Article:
When it came to dating, I always waited to be approached. I’d had boyfriends, but nothing had lasted longer than a year. I had a way of turning every date into a yearlong relationship instead of getting out early, when I knew it wouldn’t last. I just couldn’t get into the one-night-stand scene. But Helen had no rules about anything. I envied her for that.
After our shift ended, we went back to our apartment and peeled off a layer of tortilla soup, got ready, and headed to Villains around ten. I was wearing my party uniform—black blouse and jeans—and Helen was in a red, high-waisted, A-line skirt and sleeveless white blouse with platform heels. She always looked way hipper than me.
Once inside the bar, she shouted, “Damn it!” I followed her gaze to the stage where an all-girl band was setting up.
“Bummer,” I said.
“Let’s leave, Charlie. This is lame.”
“No, I like it here. It’s so close to our apartment. Don’t make me go back out there.”
The lead singer approached the mic and tapped on it. “Check, check.” When she tore off a crazy guitar riff, Helen’s face lit up. “Okay, fine. We can stay for a while, but we’re getting shots!”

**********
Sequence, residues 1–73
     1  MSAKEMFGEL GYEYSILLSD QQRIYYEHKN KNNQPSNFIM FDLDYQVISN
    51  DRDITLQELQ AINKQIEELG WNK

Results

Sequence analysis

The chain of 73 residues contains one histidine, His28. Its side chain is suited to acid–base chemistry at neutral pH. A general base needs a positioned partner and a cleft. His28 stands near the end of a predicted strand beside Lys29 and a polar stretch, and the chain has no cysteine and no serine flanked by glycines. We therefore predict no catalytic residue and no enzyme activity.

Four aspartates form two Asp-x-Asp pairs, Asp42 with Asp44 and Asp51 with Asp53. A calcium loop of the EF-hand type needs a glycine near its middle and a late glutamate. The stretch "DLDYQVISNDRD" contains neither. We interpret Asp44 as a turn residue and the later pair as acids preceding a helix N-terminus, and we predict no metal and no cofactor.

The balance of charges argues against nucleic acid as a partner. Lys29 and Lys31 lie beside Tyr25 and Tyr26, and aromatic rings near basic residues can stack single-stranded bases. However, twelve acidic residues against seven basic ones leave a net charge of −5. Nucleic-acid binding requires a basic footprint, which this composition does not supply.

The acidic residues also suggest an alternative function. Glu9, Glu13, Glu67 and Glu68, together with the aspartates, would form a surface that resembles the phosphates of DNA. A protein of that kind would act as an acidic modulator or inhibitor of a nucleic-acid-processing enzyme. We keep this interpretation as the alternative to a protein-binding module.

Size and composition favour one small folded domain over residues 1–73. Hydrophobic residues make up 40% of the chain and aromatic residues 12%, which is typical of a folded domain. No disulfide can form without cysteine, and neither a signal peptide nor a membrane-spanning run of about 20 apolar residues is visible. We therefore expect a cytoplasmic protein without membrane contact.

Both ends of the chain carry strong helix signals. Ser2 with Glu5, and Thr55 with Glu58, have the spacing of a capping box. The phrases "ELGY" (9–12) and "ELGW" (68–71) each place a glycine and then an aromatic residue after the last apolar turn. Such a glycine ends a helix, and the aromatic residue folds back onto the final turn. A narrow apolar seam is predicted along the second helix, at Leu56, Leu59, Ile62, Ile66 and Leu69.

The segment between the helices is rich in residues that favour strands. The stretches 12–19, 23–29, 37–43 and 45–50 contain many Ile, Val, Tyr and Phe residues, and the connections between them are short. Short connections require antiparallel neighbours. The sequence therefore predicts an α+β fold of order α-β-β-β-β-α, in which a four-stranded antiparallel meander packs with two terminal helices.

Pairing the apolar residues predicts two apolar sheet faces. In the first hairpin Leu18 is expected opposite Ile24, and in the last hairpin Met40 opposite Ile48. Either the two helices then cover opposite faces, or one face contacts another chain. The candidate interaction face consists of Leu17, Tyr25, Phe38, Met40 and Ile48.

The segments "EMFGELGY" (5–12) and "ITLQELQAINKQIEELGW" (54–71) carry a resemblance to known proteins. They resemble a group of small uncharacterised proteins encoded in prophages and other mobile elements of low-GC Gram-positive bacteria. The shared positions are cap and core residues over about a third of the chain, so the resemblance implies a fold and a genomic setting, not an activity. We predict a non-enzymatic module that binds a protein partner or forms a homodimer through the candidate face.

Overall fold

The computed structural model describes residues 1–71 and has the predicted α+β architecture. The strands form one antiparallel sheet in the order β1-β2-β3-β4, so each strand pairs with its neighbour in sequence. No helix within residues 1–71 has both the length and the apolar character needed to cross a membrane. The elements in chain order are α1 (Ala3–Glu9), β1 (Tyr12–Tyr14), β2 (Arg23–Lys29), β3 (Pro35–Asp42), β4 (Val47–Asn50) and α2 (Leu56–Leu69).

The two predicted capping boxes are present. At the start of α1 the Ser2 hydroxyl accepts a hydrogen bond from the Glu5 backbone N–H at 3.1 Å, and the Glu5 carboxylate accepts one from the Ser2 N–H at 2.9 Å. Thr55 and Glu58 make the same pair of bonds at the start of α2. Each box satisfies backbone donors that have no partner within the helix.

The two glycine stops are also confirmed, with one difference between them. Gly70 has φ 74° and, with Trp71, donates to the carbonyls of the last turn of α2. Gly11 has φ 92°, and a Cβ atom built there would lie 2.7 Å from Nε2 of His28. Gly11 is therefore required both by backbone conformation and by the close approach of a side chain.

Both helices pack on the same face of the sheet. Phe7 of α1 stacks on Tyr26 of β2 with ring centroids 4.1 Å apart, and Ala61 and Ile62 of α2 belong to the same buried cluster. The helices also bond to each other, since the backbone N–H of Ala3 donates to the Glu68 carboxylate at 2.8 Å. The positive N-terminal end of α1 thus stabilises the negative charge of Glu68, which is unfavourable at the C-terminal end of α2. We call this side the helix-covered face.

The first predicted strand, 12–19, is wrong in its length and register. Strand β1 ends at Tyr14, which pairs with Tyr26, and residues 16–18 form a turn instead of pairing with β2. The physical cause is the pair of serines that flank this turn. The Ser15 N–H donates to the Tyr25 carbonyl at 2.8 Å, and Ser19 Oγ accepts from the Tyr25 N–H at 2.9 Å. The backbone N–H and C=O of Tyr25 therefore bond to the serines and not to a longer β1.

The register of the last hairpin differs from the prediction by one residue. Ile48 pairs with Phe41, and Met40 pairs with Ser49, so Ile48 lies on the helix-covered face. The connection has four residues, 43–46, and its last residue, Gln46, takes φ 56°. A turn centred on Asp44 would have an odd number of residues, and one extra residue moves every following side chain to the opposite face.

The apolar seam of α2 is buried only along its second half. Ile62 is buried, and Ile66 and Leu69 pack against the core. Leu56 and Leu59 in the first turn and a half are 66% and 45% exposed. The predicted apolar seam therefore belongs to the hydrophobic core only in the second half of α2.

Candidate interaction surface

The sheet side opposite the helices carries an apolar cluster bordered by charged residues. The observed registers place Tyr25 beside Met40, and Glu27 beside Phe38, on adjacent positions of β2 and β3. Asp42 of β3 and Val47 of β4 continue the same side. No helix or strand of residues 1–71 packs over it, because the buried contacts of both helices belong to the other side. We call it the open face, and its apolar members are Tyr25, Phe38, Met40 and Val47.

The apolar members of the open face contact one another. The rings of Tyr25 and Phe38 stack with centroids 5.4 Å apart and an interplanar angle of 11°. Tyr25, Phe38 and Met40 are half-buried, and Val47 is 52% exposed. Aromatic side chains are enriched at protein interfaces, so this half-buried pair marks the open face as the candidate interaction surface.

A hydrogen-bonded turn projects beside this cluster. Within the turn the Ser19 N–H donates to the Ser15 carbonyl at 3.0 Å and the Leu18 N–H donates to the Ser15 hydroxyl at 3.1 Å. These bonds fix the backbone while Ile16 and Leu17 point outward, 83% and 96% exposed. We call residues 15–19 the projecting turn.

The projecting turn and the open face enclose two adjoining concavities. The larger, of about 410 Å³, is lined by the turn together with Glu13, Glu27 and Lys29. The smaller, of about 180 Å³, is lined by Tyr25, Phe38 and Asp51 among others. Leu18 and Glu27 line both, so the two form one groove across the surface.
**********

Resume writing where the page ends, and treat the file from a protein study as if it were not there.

Remember how I said Helen had no rules? She liked attention, and it didn’t matter who it came from. We sat at the bar and took shot after shot, forgetting all about tortilla soup, Luc, and the messiness of our lives. An hour into the set, Helen left me to approach the stage. She stood near the front and tried desperately to get the lead singer’s attention, but the woman wasn’t having it. Maybe she was straight? After more shots and watching Helen’s pathetic attempts to catch the singer’s eye, I found myself sitting in a booth, comforting a rejected—and very drunk—Helen.